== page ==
Today, the Harpies are participating in a virtual book tour for Hey Shorty! A Guide to Combating Sexual Harassment and Violence in Public Schools and On The Streets (New York: Feminist Press, 2010), authored by staff and youth interns from the organization Girls for Gender Equality, based in Brooklyn, New York. Part One of the tour (this post) is a review of the book. Part Two, posted this afternoon, will be an interview with two of the book’s authors Mandy Van Deven and Meghan Huppuch.
Imagine you are a girlchild or adolescent woman or gender non-conforming youth who has to spend the majority of your day, five days a week, in a space where you are supposed to be learning and training for independent adulthood, under the guidance of caring and nurturing people with more life experience than you … and instead, those spaces feel like battle zones. Fellow students, teachers, administrators, and security guards givr you unwanted sexual attention through voice and touch, and the people in power you go to for help often blame you rather than the harasser for causing trouble. Sometimes they tell you they’ll deal with the problem, but then nothing ever happens.
You and your friends decide this is just the way the world works, and you’ll have to put up with the attention as best you can, or deal with it on your own through violence. Over time, the harassment becomes so embedded in normal life that it starts to feel routine, and you stop noticing it … at least on the surface. Although the anticipation of harassment, and the shame of it, continues to effect your interactions with everyone around you, your ability to concentrate on your creative and academic projects, and to shape the decisions you make about what activities you participate in and how you move through the world.
Then imagine that a group of people came along, adults and peers, who helped you imagine a different world: a world where sexual harassment wasn’t just accepted as a fact of life, wasn’t normalized and dismissed as less important than other forms of bullying or violence. And then imagine that group invited you to help do something to make that world into reality.
Hey Shorty! is the story of a group of adults and young women who did just that. In a collage of narrative chapters, research data, workshop resources, and personal testimony, the organizers of Girls for Gender Equality and the youth who have participated in GGE’s Sisters in Strength internship program. The early chapters of the book document the birth of Girls for Gender Equality as an after-school program to promote physical activity and educational opportunities for girls ages seven to twelve. When the organization began to offer gender workshops for elementary and middle school children they discovered that one of the most popular (and most contentious) topics was sexual harassment. Sisters in Strength, a youth organizing program for high school age girls, was established in the mid-2000s and, through input directly from the young women involved, has come to focus directly on combating sexual harassment on the street and in public schools. The title of this book, Hey Shorty! comes from a documentary that a cohort of Sisters in Strength interns produced about the street harassment they and their friends experienced.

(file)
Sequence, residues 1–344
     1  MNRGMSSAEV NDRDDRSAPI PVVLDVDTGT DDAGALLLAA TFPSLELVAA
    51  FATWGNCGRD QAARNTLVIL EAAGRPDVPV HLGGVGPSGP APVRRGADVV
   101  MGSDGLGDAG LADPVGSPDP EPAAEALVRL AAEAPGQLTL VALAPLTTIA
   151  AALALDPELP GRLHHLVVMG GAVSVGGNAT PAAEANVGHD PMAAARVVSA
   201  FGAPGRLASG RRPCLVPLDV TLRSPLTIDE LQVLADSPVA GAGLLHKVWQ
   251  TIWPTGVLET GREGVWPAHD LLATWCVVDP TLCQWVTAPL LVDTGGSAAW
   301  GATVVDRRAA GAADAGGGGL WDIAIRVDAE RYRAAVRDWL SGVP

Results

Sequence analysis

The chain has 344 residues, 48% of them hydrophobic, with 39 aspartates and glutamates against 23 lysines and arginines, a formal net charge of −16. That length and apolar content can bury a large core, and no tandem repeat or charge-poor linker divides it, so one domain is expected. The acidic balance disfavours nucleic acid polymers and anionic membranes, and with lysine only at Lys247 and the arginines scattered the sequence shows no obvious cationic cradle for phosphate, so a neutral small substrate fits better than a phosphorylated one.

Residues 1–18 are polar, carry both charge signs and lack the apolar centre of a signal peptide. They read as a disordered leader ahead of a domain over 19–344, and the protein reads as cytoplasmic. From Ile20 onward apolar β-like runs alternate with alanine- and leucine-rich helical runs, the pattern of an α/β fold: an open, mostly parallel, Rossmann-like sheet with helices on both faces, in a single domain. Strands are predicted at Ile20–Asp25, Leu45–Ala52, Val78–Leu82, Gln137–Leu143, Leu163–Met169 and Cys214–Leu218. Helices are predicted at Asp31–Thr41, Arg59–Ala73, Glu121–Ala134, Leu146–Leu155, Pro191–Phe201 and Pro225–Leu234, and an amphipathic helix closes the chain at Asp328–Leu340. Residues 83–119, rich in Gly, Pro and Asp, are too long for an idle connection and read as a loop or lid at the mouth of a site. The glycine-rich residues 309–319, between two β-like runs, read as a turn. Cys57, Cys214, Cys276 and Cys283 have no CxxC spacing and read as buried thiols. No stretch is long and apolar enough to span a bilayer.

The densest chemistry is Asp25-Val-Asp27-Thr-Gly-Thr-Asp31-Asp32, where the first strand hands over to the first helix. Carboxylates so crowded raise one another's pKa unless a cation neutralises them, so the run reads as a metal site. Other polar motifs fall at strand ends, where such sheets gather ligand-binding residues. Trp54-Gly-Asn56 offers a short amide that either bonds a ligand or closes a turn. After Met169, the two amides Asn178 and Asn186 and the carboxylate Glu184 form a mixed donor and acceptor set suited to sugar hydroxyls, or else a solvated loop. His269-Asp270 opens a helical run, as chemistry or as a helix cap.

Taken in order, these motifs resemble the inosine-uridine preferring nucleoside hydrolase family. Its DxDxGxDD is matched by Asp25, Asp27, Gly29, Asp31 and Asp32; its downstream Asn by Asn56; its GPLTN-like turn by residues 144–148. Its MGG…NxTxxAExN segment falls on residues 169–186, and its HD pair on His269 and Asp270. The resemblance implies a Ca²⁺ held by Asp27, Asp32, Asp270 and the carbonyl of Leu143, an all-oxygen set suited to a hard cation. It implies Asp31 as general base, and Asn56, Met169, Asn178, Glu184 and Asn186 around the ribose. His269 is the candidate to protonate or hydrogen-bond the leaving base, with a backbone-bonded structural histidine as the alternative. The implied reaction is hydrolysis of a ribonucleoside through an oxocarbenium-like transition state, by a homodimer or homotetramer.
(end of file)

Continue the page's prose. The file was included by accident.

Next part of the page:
One of the most impressive aspects (I think) of the work Sisters in Strength has done, and one of the things that makes Hey Shorty! of value as more than a case study of youth organizing — not an inconsiderable contribution! — is the research that Sisters in Strength has done on the prevalence and normalization of sexual harassment in NYC public schools, and the lack of enforcement by school officials of existing policies against such bullying. While the NYC Department of Education has yet to act on their recommendations, GGE and Sisters in Strength have compiled a massive amount of data on the experience of youth of harassment and the structural apathy they face in having the problem addressed. This has led to a normalization of the experience of harassment, which in turn increases the reluctance of youth to speak up about the issue (if harassment is “just the way it is” then why speak up in hope for change?). Hopefully, the study data shared in this book, and the Sisters in Strength model for documenting issues of concern within youth populations, will have relevance beyond New York City’s schools.
Join me later in the day (the post will be going live at 1pm) for a Q&A with two GGE staffers, Mandy Van Deven and Meghan Huppuch, who talk about their experience working to combat sexual harassment, the importance of youth-centered organizing, and how not to let the slow pace of social change get you down!